Read also the April 13, 2009 Information Bulletin: “Egypt exposes a Hezbollah network on its soil, claiming it not only smuggled weapons into the Gaza Strip and but also planned to carry out terrorist attacks and subversion activities. Hassan Nasrallah admitted a detained Hezbollah operative was involved in smuggling but denied other accusations.”” written on the side. The ticking bomb is inscribed “The Iranian project” (Al-Nadwah, Saudi Arabia, April 12, 2009).”]
The Egyptian and Arab media reported that the Egyptian security services exposed a Hezbollah network which had been active in Egypt for a long time. So far several dozen Lebanese, Palestinian and Egyptians directed by Hezbollah have been detained. The network smuggled weapons (possibly from Iran ) through Sudan and from there to Egypt , and then through tunnels in Rafah into the Gaza Strip for Hamas. In addition, according to the reports, the network was involved in attempted terrorist attacks in Sinai and Cairo , including sites where Israeli tourists congregate, and in subversive activities against the Egyptian regime.
Egypt reacted angrily to the exposure of Hezbollah activity on its soil and accused the organization and Iran of interfering in Egyptian internal affairs and endangering its national security. Hezbollah leader Hassan Nasrallah, in an unprecedented statement, admitted that Egypt had indeed detained a Hezbollah operative and a number of others connected with him. He claimed that the detainee was a “logistical operative” who dealt with smuggling weapons and fighters into the Gaza Strip. However, he claimed that Hezbollah had no branches outside in Lebanon and that it was not involved in clandestine or subversive activities in any other Arab country (a fabrication, since Hezbollah has been involved in subversive activity in both Iraq and Jordan ).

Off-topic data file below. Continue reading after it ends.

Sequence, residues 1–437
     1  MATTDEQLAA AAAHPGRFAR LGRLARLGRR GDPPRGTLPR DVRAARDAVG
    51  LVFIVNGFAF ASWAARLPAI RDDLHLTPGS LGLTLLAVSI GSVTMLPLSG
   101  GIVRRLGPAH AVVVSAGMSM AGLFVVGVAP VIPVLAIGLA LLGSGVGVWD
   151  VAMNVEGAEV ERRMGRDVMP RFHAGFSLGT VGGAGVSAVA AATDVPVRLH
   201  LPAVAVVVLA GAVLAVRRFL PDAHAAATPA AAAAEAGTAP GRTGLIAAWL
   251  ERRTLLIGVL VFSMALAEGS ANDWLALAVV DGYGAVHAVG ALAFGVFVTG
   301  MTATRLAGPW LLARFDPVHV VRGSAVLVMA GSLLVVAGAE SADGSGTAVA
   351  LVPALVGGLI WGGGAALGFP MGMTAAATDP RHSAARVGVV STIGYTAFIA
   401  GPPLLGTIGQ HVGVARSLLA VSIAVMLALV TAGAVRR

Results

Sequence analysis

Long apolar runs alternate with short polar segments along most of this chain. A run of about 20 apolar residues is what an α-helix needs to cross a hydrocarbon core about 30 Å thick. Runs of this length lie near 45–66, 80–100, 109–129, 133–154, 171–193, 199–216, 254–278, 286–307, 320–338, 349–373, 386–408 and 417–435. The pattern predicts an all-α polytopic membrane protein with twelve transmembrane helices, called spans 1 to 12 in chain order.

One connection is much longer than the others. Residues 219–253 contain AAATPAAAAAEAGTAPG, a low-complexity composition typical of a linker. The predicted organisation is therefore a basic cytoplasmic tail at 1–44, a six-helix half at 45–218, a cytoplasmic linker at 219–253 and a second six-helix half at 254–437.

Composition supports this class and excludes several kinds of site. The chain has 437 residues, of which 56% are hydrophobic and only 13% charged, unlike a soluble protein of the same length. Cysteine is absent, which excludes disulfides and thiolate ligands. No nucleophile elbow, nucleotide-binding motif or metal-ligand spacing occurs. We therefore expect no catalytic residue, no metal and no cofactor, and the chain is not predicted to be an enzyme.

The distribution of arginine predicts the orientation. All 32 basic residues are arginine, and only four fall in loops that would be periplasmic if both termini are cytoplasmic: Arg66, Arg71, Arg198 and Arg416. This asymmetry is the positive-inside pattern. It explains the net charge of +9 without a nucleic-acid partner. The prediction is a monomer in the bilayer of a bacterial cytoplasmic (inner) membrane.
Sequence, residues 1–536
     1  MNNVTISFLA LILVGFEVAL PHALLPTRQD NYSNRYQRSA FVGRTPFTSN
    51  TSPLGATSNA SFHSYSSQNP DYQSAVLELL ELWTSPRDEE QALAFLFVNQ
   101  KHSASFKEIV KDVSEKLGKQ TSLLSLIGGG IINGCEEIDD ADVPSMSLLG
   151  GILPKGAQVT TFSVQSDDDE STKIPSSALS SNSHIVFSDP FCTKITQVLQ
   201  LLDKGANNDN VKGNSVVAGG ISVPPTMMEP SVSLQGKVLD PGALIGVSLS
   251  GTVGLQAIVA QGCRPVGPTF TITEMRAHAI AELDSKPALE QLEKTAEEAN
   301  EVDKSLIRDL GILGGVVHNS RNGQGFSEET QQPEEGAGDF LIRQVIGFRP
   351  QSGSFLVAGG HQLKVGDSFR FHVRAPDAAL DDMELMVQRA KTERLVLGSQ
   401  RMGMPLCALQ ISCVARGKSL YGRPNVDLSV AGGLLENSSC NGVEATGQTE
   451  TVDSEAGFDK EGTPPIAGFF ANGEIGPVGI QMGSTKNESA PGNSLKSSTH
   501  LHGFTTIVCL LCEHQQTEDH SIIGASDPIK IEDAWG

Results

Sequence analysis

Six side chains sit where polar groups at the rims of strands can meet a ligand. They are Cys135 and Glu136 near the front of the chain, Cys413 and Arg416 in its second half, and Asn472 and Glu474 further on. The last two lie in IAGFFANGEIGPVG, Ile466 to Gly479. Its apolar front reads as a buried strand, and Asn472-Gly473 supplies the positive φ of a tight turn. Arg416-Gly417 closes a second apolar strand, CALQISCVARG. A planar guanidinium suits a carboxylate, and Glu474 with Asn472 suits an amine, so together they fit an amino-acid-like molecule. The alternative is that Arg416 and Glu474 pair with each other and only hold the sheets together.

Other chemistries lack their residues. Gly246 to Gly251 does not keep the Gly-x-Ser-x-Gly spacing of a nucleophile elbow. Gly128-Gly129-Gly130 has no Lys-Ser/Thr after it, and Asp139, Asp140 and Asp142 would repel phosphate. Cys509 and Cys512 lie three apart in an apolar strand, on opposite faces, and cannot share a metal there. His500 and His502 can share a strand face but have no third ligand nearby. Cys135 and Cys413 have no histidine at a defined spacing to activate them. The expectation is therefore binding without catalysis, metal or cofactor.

The Hezbollah network exposed by the Egyptians, apparently shortly before Operation Cast Lead, is more proof of the military support Iran gives Hamas in the Gaza Strip, either directly or through Hezbollah, which operates as a subcontractor to promote Iranian interests. During the period before Operation Cast Lead, Iran and Hezbollah provided Hamas with weapons, among them hundreds of standard 122mm Grad rockets with a range of 20-40 kilometers and advanced anti-tank missiles; technical know-how which enabled Hezbollah to manufacture lethal Shawaz EFPs, inspired by Hezbollah in Lebanon; advanced military training in Iran for hundreds of terrorist operatives belonging to Hamas and the other terrorist organizations; financial support for Hamas’s political bureau and military-terrorist wing to the tune of hundreds of millions of dollars a year; and political and propaganda support. All of the above were done to strengthen Hamas’s military infrastructure in the Gaza Strip, encourage it to continue its terrorist attacks against Israel and sabotage any dialogue between Israel and the Palestinian Authority. 1
Hezbollah network in Egypt exposed
(Updated to April 13, 2009 )